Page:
Here is the bit about welding the holes on. In the top photo I am holding the mounting pad with the hole in it that we will be welding to the bottom of the mud ring. Now these mounting pads could have been welded to the mud ring and the draft pan held in place to spot the holes and drill and tap them but it's much easier to do it this way, as all the drilling can be done with the drill press instead of under the fire box and the draft pan will locate the pads for welding. Photo two shows all the mounting pads stuck to the draft pan with #5-40 stainless socket head screws ready to be welded to the mud ring. And the bottom photo shows the draft pan wedged under the fire box with a stick. After the alignment is carefully checked the pads will be tacked in place with the MIG welder. When the stainless screws are removed the draft pan will slide right out sideways. Some hot rod hi temp thermal insulation for the draft pan just arrived from Mc Master and after the air inlets in the draft pan are installed it will be fitted up. The next time the boiler is off the engine the mounting pads will have the final welding done. Next up, the fire box side sheets with their dummy rivets and stay bolt caps. A minimal amount of this detail will be added as the streamlined skirting covers most of it.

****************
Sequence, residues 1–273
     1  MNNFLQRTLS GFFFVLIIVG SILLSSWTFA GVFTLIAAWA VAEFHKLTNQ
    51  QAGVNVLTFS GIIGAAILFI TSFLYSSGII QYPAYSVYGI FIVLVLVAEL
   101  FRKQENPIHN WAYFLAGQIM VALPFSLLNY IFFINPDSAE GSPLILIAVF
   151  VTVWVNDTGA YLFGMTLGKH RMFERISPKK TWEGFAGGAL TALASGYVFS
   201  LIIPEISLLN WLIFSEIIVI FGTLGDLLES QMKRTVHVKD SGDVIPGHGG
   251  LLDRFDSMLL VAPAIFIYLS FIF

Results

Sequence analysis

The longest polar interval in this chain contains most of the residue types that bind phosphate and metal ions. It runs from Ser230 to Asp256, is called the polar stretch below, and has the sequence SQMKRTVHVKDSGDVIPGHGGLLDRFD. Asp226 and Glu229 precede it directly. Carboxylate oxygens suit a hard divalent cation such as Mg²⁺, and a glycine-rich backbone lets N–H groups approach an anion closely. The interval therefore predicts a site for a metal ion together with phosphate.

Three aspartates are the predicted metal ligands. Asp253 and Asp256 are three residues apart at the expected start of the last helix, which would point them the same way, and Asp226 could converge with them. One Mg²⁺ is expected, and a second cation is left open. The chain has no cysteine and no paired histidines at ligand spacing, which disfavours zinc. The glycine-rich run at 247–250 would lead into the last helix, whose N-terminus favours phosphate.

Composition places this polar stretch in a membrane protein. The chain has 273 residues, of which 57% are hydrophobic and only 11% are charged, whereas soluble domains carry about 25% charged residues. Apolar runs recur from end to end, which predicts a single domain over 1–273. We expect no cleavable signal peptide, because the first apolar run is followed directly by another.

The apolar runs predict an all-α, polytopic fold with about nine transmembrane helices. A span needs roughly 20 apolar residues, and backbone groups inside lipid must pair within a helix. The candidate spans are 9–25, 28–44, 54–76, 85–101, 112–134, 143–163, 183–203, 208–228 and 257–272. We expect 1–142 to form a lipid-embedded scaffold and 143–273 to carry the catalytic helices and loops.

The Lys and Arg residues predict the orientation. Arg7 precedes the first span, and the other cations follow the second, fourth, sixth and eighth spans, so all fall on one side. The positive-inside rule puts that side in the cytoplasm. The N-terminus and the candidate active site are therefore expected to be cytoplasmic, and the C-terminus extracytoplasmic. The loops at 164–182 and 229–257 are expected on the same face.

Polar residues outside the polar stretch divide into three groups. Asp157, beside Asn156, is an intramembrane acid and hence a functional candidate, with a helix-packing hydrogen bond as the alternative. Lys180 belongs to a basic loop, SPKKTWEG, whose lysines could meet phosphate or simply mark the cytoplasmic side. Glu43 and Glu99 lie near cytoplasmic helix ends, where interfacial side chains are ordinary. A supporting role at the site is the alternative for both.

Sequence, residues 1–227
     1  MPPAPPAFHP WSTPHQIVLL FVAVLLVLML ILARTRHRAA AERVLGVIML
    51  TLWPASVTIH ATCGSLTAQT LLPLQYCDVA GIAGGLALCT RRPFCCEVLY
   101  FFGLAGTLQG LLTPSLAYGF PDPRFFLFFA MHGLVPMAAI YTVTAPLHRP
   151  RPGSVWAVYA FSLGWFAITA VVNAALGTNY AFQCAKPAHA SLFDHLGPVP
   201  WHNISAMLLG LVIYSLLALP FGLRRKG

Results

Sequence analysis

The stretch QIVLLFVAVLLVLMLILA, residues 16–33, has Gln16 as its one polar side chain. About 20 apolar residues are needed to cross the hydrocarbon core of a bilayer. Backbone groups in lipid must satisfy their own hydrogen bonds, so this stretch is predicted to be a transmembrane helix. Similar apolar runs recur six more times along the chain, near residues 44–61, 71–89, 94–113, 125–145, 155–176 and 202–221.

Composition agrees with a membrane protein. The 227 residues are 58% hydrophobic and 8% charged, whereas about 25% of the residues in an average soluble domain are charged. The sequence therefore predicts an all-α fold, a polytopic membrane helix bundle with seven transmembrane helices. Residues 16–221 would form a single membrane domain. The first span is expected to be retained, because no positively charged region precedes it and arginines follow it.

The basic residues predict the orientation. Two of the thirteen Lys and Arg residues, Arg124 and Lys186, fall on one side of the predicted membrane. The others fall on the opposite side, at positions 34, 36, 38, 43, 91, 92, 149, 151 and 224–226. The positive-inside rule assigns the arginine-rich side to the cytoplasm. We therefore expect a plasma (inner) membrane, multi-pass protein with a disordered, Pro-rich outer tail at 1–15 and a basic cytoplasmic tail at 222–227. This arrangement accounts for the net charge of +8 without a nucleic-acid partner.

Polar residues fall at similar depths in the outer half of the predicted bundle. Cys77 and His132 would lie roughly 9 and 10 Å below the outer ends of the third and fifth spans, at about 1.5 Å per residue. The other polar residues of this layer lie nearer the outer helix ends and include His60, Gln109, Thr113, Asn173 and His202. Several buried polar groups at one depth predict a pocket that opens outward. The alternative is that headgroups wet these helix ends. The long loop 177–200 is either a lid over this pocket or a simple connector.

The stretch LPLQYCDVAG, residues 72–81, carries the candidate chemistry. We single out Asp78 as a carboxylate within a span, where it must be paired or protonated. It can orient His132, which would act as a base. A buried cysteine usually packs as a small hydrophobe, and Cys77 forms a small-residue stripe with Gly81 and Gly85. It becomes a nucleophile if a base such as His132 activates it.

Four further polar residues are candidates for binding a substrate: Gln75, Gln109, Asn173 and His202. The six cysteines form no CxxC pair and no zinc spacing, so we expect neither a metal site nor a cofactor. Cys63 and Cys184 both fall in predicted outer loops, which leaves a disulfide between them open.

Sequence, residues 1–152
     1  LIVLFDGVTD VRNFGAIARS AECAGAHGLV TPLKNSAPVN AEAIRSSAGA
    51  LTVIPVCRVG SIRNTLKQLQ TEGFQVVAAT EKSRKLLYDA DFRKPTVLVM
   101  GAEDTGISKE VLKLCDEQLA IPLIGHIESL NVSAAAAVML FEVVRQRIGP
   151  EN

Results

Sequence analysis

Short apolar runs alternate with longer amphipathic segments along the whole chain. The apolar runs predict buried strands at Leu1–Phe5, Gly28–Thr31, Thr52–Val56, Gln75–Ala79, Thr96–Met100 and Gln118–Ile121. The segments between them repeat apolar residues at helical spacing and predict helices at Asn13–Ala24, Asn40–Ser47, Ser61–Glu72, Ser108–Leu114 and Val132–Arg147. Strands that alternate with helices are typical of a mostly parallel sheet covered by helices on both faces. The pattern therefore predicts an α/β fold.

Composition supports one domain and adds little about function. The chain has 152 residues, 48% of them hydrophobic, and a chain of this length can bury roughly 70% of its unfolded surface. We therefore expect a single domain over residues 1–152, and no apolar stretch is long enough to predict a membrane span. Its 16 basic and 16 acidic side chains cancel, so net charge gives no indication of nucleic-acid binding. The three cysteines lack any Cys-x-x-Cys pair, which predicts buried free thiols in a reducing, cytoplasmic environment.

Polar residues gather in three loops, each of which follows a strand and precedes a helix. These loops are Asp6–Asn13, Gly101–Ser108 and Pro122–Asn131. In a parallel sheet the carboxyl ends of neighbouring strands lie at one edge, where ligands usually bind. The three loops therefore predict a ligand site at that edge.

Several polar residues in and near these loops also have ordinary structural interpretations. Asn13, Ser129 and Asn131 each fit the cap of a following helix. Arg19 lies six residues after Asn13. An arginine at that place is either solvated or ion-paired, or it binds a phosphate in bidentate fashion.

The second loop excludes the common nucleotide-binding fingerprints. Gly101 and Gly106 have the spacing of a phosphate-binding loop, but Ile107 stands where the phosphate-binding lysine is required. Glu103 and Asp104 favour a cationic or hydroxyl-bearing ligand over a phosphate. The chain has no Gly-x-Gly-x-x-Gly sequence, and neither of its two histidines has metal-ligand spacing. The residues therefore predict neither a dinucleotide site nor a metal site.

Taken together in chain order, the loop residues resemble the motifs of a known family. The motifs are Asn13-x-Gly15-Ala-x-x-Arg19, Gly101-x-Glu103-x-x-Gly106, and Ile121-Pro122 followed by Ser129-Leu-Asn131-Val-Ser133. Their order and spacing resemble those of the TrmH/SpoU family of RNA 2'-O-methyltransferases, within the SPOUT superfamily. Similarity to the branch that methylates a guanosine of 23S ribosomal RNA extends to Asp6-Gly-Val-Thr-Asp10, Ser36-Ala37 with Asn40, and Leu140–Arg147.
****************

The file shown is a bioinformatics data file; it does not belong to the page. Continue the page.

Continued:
Happy Model Building
Jack
Attachments
Mounts1.jpg
Mounts2.jpg
Mounts3.jpg